Canadian One Health report tackles antimicrobial resistance
The Canadian Veterinary Medical Association (CVMA) and the country’s Antimicrobial Resistance (AMR) Network have published a new One Health–focused report that proposes improvements to a pan-Canadian AMR governance structure and optimal models for responding to AMR.
The report, “Strengthening Governance of the Antimicrobial Resistance Response Across One Health in Canada,” proposed two approaches, or models, to address the AMR crisis. It says any approach must create connections and foster knowledge-sharing across One Health and across Canada, and it must increase capacity to accelerate action and deliver meaningful solutions.
The first model, called the AMR Network, “appeals to those who view the AMR ecosystem in Canada as complex, both in terms of the diversity of stakeholders involved and the range of actions that are required to address the issue at hand,” according to the report. It gives One Health experts control of priorities.
The second model, dubbed the AMR Center, adopts a classic top-down approach and “enables a comprehensive approach to selecting its priorities, choosing to make meaningful impact in a select number of priority areas.”
In a statement yesterday by the Public Health Agency of Canada (PHAC), Canadian Health Minister Patty Hajdu, MPA, said, “This report will help all parties move toward a One Health approach to tackle this universal issue. It will also serve as an important tool for discussions alongside the work the federal government is undertaking with provincial and territorial partners and with stakeholders to mitigate the potential impact of AMR and protect the health of Canadians.”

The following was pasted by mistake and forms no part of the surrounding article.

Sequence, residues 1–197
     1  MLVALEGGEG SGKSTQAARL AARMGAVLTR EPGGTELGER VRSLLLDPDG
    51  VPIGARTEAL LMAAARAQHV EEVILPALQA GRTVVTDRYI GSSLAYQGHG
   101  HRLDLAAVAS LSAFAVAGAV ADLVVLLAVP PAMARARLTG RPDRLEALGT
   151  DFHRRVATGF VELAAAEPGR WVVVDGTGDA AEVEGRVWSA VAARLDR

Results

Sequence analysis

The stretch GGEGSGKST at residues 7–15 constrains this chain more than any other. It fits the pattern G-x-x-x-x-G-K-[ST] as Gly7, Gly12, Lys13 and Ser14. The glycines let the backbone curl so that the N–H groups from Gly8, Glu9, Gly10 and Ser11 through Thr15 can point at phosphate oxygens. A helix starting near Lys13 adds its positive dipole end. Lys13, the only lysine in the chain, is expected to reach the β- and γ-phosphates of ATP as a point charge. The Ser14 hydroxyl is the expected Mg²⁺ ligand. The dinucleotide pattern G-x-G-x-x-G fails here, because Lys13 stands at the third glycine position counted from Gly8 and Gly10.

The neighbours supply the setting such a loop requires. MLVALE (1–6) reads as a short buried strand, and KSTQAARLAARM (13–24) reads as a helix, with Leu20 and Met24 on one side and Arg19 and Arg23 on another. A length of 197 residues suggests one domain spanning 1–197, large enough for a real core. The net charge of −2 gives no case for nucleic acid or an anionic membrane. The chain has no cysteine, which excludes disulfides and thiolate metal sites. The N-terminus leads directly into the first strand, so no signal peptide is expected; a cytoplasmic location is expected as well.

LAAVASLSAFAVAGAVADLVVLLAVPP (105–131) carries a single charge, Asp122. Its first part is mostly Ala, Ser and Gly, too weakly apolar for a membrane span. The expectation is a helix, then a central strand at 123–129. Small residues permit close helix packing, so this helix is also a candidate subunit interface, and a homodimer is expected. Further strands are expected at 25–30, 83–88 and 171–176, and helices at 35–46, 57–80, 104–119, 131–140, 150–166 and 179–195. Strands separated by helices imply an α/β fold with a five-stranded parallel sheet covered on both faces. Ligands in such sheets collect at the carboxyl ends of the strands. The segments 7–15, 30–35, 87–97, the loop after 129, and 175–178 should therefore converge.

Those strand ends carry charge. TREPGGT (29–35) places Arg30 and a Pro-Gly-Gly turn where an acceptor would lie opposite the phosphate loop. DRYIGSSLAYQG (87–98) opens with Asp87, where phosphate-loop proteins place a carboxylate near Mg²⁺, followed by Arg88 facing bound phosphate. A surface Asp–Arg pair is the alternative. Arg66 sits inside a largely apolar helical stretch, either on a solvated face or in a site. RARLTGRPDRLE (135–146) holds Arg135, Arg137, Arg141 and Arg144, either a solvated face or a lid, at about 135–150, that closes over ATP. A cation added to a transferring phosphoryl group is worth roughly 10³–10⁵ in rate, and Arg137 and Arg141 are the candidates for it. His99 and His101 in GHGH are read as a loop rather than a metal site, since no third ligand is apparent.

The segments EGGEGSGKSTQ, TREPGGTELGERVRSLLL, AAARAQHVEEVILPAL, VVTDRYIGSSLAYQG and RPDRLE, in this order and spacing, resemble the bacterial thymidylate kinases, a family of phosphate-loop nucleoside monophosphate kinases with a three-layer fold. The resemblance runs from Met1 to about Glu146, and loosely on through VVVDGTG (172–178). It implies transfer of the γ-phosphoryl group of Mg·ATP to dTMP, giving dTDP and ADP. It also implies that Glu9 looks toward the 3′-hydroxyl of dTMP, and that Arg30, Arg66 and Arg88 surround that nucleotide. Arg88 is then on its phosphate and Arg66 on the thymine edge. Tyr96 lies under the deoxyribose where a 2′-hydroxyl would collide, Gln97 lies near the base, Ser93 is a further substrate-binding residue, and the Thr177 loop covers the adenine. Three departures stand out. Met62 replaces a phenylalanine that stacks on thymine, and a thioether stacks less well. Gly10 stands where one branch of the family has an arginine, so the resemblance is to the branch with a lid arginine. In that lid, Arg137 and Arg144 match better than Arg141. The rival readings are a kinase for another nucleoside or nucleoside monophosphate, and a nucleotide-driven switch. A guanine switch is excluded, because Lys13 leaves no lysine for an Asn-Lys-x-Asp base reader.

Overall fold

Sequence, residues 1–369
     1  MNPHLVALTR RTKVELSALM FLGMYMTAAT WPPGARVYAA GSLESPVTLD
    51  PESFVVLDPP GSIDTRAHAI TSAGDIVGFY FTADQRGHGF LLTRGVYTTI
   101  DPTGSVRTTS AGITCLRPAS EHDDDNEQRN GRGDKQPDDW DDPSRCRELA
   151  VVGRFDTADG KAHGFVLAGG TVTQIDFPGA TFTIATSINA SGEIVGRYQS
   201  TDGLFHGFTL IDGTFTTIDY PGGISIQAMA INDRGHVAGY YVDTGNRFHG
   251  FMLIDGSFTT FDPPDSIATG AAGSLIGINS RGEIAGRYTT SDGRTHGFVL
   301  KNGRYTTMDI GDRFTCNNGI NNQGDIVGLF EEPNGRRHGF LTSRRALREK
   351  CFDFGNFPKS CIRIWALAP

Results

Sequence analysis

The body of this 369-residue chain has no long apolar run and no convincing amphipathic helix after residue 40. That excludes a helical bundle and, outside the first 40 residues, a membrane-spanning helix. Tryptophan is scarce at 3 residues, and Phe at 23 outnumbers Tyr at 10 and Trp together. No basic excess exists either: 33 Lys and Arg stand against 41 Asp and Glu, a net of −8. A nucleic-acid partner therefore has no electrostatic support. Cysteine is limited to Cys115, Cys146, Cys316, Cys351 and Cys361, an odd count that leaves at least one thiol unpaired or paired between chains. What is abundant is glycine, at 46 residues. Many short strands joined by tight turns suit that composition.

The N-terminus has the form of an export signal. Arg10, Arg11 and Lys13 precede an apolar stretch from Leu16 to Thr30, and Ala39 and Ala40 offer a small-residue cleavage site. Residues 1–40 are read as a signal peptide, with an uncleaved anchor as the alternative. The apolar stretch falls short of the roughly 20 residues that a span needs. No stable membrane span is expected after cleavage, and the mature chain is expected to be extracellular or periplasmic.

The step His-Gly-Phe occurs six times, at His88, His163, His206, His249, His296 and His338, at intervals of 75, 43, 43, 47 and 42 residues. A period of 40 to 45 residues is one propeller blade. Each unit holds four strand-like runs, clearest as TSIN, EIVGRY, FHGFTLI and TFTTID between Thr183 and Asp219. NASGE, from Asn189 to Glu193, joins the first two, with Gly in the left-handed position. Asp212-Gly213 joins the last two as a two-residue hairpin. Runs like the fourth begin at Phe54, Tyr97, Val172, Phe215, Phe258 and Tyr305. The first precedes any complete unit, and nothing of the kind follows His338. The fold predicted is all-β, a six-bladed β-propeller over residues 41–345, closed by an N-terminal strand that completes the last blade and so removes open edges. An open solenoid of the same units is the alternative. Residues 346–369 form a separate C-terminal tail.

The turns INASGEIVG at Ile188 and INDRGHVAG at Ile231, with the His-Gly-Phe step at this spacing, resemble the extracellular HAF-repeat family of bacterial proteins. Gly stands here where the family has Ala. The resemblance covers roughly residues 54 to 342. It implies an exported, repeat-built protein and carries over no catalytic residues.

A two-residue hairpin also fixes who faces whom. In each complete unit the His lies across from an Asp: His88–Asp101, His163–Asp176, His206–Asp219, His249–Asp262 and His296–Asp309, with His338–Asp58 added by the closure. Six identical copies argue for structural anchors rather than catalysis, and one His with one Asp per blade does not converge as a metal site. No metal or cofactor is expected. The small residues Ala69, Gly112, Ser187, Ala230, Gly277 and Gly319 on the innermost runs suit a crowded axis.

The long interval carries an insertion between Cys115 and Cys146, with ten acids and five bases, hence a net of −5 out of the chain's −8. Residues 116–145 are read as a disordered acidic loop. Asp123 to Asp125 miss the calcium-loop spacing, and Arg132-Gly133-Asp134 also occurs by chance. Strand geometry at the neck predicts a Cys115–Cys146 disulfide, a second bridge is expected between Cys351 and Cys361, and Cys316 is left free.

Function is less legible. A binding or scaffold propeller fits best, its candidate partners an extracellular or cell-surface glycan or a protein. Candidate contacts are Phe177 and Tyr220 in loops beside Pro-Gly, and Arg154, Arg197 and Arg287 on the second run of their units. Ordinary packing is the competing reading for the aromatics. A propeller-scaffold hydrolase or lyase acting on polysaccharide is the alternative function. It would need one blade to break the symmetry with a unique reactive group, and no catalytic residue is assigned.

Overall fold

Study ties superbug prevalence in the ED to ambulance rides
A study by Duke University scientists today reveals that patients arriving at their emergency department (ED) via ambulance were almost four times more likely to have methicillin-resistant Staphylococcus aureus (MRSA) or vancomycin-resistant Enterococcus (VRE) colonization or infection than those who didn’t arrive by ambulance, though numbers of both were small.
The single-center retrospective cohort study, published in Infection Control & Hospital Epidemiology, involved 11,324 patients from 2016 to 2019. About one third (3,903) were in the ambulance group, with the remainder in the unexposed group.
Among them, 9 patients (0.08%) tested positive for MRSA and 3 (0.03%) for VRE. The 30-day prevalence of MRSA or VRE was larger in the ambulance group than in the unexposed group: 8 (0.20%) and 4 (0.05%), respectively. Patients who arrived at the ED via ambulance were almost four times more likely to have MRSA or VRE within 30 days of their encounter (relative risk, 3.72; 95% confidence interval, 1.09 to 12.71; P = .04).
The authors say a strength of their study is its stringent inclusion criteria to assess multidrug-resistant organism (MDRO) prevalence, but they also note that the study design did not account for all confounders. They write, “To our knowledge, our study represents the first controlled and matched analysis to evaluate the impact of ambulance exposure on the development of MDROs.”
Jul 21 Infect Control Hosp Epidemiol study